Sunday, March 25, 2012

Why do we play games? Pt 2: Self-Determination Theory

This is the second of the multi-part series reviewing psychological theories of why we enjoy playing games.  By understanding why we play games, we can make better games that fit those motives.  In the first part, we looked at flow theory and, because I'd had an extra cup of coffee that day, a case study of Tetris as an exemplar.

Everyone who's ever written a book about video game design is at least passingly familiar with Flow Theory.  However, there is another predominant theory of motivation called Self-Determination Theory (Deci & Ryan, 1978, give or take a few years), which is gaining some popularity in game studies. Self-Determination Theory (SDT) proposes that all people have three basic psychological needs. The first is autonomy, the feeling of being in control of one's own actions, as opposed to being controlled or commanded by someone else. Next is competence, the feeling of having ability, growing in skill, and being able to meet challenges. The last is relatedness, the feeling of caring for and being cared for by others. Self-Determination Theory posits that people will find an activity intrinsically motivating (that is, they will do it of their own volition) insofar as it meets these three psychological needs.

Dr. Andrew Przybylski, motivation psychology researcher
A psychologist named Andrew Przybylski has done some promising early research looking to whether games satisfy these psychological needs.  In one study, Przybylski had participants either play a critically well-reviewed game (Ocarina of Time) or a critical flop (A Bug's Life 64).  Players who played the better videogame not only reported enjoying it more, but they also reported greater feelings of autonomy, competence, and relatedness.  In another study, participants played three different videogames, all equally well-reviewed.  Participants turned out to like these games more or less depending on the extent to which they felt that these games met their needs for autonomy, competence, and relatedness.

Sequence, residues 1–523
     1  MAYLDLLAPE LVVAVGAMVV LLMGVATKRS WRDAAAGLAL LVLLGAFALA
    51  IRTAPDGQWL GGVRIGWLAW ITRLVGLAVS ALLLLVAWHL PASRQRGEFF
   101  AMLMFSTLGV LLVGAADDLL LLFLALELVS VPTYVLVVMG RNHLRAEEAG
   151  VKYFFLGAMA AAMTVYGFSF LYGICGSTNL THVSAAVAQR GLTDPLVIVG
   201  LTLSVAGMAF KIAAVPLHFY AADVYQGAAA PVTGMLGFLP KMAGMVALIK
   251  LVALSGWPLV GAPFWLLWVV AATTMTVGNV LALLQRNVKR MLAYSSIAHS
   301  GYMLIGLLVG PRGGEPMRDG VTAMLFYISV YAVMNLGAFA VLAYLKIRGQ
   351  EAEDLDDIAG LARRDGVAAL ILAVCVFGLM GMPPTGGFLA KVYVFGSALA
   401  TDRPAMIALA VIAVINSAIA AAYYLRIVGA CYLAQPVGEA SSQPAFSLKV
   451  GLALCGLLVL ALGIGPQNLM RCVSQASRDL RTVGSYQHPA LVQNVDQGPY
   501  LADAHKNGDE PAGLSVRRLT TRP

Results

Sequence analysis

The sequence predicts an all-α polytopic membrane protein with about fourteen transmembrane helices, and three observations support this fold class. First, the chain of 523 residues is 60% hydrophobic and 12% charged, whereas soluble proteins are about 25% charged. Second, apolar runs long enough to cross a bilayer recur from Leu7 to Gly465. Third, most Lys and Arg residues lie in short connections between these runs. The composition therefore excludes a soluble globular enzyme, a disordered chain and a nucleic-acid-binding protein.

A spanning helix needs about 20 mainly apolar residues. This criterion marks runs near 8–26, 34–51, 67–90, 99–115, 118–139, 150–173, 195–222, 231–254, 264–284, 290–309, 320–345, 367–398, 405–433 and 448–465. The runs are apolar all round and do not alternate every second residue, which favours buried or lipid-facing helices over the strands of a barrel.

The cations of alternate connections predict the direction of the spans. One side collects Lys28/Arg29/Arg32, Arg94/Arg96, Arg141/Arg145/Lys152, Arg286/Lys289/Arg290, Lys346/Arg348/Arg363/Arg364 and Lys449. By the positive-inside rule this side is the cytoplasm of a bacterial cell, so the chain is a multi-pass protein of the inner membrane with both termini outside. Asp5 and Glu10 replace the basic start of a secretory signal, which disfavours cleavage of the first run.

We can conclude that, to at least some degree, people are playing games to satisfy their psychological needs.  This research raises three questions.  The first is a psychology question:  do people play games for reasons other than to satisfy needs for autonomy, competence, and relatedness?  The second is a design question:  How can we make games which best satisfy people's psychological needs?  The third is a personality psychology question:  what is it about a particular person that determines whether a certain game meets or fails to meet their needs?

Personally, I find one of these to be much more autonomy-supportive than the other.

The combination of the last two questions reflect my greatest curiosity and greatest criticisms about today's videogames.  To me, games today seem increasingly linear and simple.  As best I can understand, linear or heavily proscriptive games should stifle player's experience of autonomy.  Consider the notorious criticism of Modern Warfare 3's single-player as an "un-game."  I think that the core of this criticism is that the player feels that MW3 fails to be autonomy-supportive.  When the player wants to do something, s/he isn't allowed to: instead, the player gets pushed out of the way so that s/he doesn't end up interfering with the next scripted event. The player is not free to explore or make decisions for himself - instead, you spend a fair portion of the game behind a "follow" prompt so that you move through the cinematic setpieces in the way the developer wants you to.  Remembering the infamous "No Russian" mission from MW2, the player is forced to participate in a massacre, and the game ends abruptly if the player attempts to do anything but follow orders.  At times, one isn't so much a "player" of Modern Warfare's single-player campaign as one is a member of its audience.